My Dying Bride
The Ghost of Orion

At this point in My Dying Bride‘s 25 year career do you really need a review of album number 13? Let’s be honest, you are simply checking this review out to see if, 1. Aaron Stainthorpe is still growling, and if the 2 released singles  (“Your Broken Shore” and “Tired of Tears”) are the best cuts.

The simple answer is yes and yes. And while My Dying Bride have done an excellent job since 2004s Songs of Darkness, Words of Light of melding their two early acts (the growly stuff and the mopey stuff), The Ghost of Orion certainly feels more like the band’s cleaner second act from The Angel and the Dark River, on, as there is less growling and more plodding, cello/violin flocked despondency. Which is fine, as these guys are still masters of those sonorous, layered hues of misery.

While original guitarist Calvin Robertshaw graced 2015s Feel the Misery, he’s not on this album  and classic sounding “Your Broken Shore” cements Andrew Craighan’s presence with opening strains that cull from “Cry of Mankind”, and has Stainthorpe open the album with some of his strongest growls in a few years. “To Outlive the Gods” is another standout, with a simple, steady repetitive riff that, might be one of the strongest the band has penned the last few albums. The deeply personal “Tired of Tears” documents Stainthorpe’s daughter’s battle with cancer, and is as suitably rending as you’d imagine it would be considering the subject matter.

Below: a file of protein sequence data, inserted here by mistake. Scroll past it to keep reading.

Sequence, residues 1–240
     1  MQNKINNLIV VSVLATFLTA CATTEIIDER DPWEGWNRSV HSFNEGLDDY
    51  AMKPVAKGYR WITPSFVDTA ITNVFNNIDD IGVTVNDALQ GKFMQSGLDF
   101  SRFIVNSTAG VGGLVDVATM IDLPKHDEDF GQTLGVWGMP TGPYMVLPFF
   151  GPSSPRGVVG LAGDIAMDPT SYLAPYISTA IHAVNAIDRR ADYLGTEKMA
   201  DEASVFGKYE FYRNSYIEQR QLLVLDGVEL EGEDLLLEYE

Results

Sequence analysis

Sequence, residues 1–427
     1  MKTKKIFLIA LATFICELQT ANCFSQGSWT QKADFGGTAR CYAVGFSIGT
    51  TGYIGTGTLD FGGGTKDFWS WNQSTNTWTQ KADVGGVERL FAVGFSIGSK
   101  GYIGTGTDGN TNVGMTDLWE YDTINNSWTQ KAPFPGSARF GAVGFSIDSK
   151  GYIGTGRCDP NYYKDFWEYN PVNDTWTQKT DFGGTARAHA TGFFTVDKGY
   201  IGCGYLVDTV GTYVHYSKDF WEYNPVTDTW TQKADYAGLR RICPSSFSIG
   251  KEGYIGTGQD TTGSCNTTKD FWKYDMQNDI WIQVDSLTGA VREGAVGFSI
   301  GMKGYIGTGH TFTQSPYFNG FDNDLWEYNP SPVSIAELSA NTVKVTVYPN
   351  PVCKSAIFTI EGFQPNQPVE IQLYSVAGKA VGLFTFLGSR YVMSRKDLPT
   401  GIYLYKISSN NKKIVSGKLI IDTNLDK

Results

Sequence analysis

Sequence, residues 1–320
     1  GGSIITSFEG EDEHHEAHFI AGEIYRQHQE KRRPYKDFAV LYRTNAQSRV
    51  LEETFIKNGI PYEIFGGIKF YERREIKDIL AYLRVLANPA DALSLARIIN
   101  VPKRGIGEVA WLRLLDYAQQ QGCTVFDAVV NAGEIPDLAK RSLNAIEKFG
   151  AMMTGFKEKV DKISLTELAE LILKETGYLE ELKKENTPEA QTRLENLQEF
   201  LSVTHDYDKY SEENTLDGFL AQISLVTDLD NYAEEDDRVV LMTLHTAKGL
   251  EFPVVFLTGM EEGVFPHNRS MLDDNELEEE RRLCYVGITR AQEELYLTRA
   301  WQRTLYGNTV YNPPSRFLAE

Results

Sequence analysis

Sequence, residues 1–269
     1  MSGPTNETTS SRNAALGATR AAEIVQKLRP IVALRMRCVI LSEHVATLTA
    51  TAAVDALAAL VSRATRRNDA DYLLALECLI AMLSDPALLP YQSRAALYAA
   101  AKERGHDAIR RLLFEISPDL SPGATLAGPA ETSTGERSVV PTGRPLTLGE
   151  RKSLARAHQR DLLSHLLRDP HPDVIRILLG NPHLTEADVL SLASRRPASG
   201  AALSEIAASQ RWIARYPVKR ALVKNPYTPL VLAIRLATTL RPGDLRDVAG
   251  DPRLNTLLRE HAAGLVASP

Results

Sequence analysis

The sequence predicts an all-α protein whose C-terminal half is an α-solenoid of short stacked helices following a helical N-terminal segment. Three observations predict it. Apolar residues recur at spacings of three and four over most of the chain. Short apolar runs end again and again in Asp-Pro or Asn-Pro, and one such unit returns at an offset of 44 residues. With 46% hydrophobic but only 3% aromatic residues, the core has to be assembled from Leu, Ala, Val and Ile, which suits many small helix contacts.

But after that the album takes a bit of a down swing with not much else that sticks with you as the first 3 tracks do. You get “The Solace”, which is Wardruna’s Lindy Fay Hella chanting (albeit gorgeously) over some warbling guitars for 6 minutes. The you get a musical sandwich of the album’s two 10 minute tracks “The Long Black Land” and “The Old Earth” in between two instrumental numbers, the pointless title track (three minutes of whispering….) and string filled closer “Your Woven Shore”. And none of them really pull  on your heartstrings or deliver truly despondent lumbers, two of My Dying Bride’s long standing tenets. Though the last 3 minutes of “The Long Black Land” picks things up a bit, and the start of “The Old Earth” has a decent growly lumber, but it settles into a bit of a lull. and never peaks.

Certainty not the strongest of My Dying Bride’s third, blended act, but still a decent album that adds to the band’s lauded 25 year legacy with a solid offering, including three really strong tracks of what fans have come to expect.

[Visit the band's website]
Written by Erik T
March 9th, 2020


  1. Commented by: GWW

    Kinda boring.

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